Our Reformed Heritage
Genevan Institute for Reformed Studies
by Bob Burridge ©2014
Lesson 2 – “Triumphantly Intolerant” – Acts 4:12
As the world tries to develop a system of what’s right and wrong it has a few serious problems. First, most of those setting the boundaries are not redeemed by Christ, therefore they cannot see things as they really are. Second, they have no standard for morality beyond their own current opinions.
Different ideas about what’s right and wrong causes arguments, political battles, persecutions, and wars. There are radical extremists determined to torture and kill anyone disagreeing with them. There are those who claim to be “open minded”, but believe that to be open minded means “agreeing with them”. It often seems that there’s nothing as closed minded as those who brag about being “open minded.”
There are groups like the “Freedom From Religion” people who claim that public prayer, Christmas, Easter, and Bibles are intolerant things which should be made illegal and banished from society. It’s ironic how intolerant they are who see those who disagree with them as the intolerant ones. It’s nothing new though. Attacks against God’s truth have been going on since Eden.
The word “tolerate” comes from a Latin word, “toleratus”. It is a past participle of “tolerare” which means, “to endure, to put up with something”.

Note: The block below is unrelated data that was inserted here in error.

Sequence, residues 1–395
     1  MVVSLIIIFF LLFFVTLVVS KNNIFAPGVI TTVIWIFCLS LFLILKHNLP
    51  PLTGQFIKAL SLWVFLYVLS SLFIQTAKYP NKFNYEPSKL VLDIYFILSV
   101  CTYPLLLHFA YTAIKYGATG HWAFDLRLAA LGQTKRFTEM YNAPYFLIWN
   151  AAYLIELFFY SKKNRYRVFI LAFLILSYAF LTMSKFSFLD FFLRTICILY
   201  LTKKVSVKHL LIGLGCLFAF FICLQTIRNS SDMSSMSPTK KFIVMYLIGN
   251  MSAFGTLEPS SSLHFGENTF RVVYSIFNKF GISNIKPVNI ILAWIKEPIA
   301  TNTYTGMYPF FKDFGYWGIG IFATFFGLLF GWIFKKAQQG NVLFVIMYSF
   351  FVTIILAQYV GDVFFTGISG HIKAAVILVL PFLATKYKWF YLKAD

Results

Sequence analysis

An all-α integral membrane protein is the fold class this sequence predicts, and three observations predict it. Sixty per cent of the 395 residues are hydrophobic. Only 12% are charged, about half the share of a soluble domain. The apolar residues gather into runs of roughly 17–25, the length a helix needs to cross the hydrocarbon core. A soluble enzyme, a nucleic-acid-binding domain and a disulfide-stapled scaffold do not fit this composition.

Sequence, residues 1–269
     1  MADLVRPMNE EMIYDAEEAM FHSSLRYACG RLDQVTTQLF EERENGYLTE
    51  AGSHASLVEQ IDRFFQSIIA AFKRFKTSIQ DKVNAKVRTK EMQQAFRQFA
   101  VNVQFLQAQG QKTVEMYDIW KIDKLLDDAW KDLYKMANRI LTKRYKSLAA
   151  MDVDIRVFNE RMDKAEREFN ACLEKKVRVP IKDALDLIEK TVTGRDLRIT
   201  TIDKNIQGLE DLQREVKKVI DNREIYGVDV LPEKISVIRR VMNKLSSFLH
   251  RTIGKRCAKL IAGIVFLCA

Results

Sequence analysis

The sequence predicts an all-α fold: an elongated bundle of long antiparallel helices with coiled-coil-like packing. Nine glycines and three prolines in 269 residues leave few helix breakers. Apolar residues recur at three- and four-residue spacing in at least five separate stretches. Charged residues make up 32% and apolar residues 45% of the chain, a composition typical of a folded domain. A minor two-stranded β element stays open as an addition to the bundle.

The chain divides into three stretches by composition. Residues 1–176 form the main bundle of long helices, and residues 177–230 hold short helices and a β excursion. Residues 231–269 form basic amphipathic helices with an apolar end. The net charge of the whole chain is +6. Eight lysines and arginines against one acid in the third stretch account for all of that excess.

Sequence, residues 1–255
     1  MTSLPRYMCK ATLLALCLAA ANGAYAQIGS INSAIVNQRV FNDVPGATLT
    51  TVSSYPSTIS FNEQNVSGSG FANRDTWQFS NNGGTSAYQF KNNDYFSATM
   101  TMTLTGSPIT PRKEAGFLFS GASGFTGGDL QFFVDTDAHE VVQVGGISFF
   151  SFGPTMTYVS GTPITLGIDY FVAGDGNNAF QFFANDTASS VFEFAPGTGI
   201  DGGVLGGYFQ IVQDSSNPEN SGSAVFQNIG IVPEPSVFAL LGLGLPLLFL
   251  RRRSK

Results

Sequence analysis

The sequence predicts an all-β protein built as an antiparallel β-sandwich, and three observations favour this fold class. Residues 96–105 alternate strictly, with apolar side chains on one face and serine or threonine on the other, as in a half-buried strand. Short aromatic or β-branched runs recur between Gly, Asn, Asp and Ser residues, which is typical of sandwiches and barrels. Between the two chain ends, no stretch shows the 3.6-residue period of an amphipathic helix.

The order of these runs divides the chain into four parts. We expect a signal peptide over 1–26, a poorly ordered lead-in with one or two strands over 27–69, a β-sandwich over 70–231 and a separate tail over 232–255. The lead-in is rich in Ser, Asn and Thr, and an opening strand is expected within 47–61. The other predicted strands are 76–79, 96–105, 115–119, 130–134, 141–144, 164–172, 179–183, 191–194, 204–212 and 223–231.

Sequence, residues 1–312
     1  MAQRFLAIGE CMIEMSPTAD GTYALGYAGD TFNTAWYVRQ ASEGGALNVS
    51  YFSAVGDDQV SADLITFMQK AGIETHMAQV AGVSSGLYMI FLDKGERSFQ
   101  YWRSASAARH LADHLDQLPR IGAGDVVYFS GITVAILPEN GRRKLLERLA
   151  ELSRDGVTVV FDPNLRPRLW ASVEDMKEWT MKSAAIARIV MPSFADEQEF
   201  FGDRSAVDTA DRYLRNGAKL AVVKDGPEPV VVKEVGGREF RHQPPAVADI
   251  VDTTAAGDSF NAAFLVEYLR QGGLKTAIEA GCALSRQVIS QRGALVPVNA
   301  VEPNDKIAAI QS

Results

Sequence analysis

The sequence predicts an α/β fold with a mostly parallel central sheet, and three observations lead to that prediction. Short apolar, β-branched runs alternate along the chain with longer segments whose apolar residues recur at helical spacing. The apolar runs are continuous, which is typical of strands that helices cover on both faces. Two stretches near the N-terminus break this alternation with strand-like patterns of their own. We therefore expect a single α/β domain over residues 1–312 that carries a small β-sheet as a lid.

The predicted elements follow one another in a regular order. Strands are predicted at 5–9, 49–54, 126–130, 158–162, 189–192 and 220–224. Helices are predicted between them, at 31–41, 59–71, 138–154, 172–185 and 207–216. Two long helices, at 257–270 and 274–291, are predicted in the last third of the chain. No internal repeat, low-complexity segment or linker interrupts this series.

God is both tolerant and intolerant.
On the one hand God “tolerates” the existence of evil and sin in his universe. He could remove it immediately, or have kept it from every existing — if that was his plan. He puts up with it, endures it, and uses it to reveal is power, justice and grace.
On the other hand, God is “intolerant” regarding the approval of immorality and of those who engage in evil and sin. He not only tells us it’s wrong, he also promises to pour out his vengeful judgment upon it.
Habakkuk 1:13 brings both of these ideas together: Speaking to God the Prophet asks, “You who are of purer eyes than to see evil and cannot look at wrong, why do you idly look at traitors and remain silent when the wicked swallows up the man more righteous than he?”
He testifies that God is offended by evil and wrong. In confusion he wonders why he doesn’t just eliminate it.
First: We know that God tolerates the existence of evil and sin.
He allows unbelief, wickedness, and rebellion in his world to serve his purposes. Certainly God allowing evil to exist does not mean he approves the sinfulness of evil.
Acts of sin and evil are permitted to occur (they are actually decreed) to be used to serve God’s end.
Romans 9:22-23, “What if God, desiring to show his wrath and to make known his power, has endured with much patience vessels of wrath prepared for destruction, in order to make known the riches of his glory for vessels of mercy, which he has prepared beforehand for glory”
The word “endured” there is the 2nd aorist form of the Greek word “phero” (φέρω) which means “to bear up, carry something, endure”. The word itself has nothing to do with approval. Though God puts up with evil for a time, he is not in the wicked sinning through them. They are the ones fully responsible morally for their attitudes and actions. This is made clear throughout the Bible.